From the Salmonella in low moisture foods file: Aldi recalls Choceur Treasures chocolate

Last weekend I taught Jack and Sam about Salmonella contamination in low moisture foods like chocolate – through the somewhat creepy Charlie and the Chocolate Factory. Early on in the golden ticket winners visit, Augustus Gloop (which is also a decent band name) falls into the factory’s open chocolate river. Knowing that Salmonella is hearty, especially when stressed in a low moisture environment, and that the chocolate didn’t have a post-river kill step, Wonka yells ‘ You are dirtying my chocolate!’.10881542_733085970120889_7656214917050489571_n

In related news, a UK retailer, Aldi, is according to The Telegraph, recalling chocolate due to Salmonella contamination.

Aldi, the discount supermarket, is recalling packs of chocolate after salmonella was detected in a batch. The Food Standards Agency has issued a product recall notice for 200g Choceur Treasures with a best before date of Sept 1. The bacteria was found in a batch of the product that has been on sale in Aldi stores in the Midlands region. The chocolates – a whole hazelnut wrapped in waffle and milk chocolate – at the centre of the scare have been on sale in around 100 stores. Locations if shops include Birmingham, Worcester, Leicester, Derby, Nottingham, Wolverhampton, Coventry and Grantham.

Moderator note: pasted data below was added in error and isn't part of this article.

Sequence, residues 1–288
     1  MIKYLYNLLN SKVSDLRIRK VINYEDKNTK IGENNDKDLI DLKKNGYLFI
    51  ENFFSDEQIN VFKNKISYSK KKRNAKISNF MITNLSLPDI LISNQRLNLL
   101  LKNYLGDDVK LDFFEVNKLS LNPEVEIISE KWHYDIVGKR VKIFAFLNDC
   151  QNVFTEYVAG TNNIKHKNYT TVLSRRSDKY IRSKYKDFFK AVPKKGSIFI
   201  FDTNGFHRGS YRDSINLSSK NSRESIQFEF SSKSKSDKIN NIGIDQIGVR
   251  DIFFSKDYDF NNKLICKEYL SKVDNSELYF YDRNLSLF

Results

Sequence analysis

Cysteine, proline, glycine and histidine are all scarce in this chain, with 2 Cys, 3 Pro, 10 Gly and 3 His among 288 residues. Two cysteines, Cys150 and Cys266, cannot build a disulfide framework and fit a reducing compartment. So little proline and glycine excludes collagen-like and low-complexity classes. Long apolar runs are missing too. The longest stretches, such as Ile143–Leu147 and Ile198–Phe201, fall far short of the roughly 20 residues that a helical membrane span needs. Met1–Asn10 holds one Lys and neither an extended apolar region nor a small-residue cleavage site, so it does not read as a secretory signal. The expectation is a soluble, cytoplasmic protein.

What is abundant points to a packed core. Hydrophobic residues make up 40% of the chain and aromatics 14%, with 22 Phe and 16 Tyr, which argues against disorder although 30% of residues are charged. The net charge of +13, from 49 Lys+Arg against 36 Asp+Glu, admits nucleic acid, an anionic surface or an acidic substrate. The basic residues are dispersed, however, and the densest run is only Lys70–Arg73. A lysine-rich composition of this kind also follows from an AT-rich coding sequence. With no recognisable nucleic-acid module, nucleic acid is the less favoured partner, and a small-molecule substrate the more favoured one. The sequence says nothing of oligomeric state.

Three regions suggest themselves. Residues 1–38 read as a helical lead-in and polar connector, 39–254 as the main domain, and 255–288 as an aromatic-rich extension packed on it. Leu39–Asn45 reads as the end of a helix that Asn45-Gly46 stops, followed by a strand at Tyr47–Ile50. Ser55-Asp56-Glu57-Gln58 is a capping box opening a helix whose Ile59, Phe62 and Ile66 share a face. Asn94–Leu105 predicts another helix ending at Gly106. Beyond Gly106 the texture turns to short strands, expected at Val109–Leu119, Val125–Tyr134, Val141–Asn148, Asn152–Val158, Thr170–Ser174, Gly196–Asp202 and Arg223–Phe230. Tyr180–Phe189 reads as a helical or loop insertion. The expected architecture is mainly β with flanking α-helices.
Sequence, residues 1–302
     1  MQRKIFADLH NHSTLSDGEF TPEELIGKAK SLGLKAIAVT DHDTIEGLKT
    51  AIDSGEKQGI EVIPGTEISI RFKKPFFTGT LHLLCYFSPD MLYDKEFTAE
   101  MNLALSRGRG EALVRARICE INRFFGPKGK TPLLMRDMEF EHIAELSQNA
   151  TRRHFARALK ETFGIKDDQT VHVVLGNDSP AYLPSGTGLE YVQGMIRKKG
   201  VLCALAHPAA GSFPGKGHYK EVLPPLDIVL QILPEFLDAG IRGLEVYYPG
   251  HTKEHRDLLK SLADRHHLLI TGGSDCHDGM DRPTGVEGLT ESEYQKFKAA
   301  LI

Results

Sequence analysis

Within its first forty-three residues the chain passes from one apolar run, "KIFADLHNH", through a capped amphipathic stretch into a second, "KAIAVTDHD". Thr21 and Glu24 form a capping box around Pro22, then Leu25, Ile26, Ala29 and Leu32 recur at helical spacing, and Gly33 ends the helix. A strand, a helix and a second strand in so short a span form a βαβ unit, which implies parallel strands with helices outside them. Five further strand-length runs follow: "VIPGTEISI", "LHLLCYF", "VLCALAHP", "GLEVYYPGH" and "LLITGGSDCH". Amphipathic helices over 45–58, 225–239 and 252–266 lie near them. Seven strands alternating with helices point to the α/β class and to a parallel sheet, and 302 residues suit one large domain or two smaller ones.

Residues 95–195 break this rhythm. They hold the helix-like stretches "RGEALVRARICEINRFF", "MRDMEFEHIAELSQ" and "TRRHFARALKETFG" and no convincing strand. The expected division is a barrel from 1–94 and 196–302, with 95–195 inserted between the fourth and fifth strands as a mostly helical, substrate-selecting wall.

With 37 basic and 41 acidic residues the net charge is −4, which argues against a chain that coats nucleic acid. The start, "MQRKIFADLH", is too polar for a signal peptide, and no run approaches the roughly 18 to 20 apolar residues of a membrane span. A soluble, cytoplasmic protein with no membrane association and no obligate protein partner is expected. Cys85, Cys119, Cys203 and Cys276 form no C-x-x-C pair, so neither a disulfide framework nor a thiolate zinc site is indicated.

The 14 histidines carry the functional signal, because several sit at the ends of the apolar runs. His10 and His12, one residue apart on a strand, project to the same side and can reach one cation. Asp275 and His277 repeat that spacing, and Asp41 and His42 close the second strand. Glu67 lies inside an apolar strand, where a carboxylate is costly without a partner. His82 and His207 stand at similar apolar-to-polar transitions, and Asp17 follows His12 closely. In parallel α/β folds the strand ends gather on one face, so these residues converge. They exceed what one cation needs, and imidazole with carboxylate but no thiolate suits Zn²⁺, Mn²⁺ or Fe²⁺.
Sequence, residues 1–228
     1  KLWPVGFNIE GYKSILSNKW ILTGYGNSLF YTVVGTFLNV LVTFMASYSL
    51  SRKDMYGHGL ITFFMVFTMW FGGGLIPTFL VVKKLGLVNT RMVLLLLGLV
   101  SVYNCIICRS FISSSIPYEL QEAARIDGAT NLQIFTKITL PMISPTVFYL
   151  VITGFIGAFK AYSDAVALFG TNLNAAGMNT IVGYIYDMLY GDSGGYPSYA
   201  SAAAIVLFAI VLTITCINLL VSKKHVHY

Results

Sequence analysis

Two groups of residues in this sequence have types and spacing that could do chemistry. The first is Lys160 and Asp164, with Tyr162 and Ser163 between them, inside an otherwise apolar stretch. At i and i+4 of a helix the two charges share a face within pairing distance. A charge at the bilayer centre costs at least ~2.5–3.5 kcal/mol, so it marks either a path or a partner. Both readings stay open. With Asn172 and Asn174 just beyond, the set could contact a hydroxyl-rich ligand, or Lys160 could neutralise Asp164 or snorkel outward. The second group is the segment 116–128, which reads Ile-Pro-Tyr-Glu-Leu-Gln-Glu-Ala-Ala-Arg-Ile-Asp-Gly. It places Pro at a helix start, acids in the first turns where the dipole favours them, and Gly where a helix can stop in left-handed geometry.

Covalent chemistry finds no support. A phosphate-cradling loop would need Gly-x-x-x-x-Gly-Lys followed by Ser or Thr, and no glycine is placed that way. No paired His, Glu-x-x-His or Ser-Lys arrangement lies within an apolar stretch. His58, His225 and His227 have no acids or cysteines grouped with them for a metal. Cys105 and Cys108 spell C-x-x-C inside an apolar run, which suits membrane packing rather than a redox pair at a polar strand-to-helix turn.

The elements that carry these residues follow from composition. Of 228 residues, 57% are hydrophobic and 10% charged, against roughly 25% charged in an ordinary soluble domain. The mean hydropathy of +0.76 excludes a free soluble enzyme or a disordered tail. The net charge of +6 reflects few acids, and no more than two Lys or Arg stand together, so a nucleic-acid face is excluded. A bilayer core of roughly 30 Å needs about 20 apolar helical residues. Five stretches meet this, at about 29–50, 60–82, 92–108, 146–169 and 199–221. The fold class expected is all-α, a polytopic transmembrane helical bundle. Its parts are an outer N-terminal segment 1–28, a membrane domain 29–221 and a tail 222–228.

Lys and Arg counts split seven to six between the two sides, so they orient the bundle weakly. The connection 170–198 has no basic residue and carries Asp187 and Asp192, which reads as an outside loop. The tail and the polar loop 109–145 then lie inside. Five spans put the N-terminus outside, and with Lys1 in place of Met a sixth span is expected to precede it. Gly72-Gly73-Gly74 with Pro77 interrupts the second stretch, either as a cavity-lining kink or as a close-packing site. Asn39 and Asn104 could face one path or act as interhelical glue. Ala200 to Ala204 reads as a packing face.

Maybe someone fell into their chocolate river.

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About Ben Chapman

Dr. Ben Chapman is a professor and food safety extension specialist at North Carolina State University. As a teenager, a Saturday afternoon viewing of the classic cable movie, Outbreak, sparked his interest in pathogens and public health. With the goal of less foodborne illness, his group designs, implements, and evaluates food safety strategies, messages, and media from farm-to-fork. Through reality-based research, Chapman investigates behaviors and creates interventions aimed at amateur and professional food handlers, managers, and organizational decision-makers; the gate keepers of safe food. Ben co-hosts a biweekly podcast called Food Safety Talk and tries to further engage folks online through Instagram, Twitter, Facebook, YouTube and, maybe not surprisingly, Pinterest. Follow on Twitter @benjaminchapman.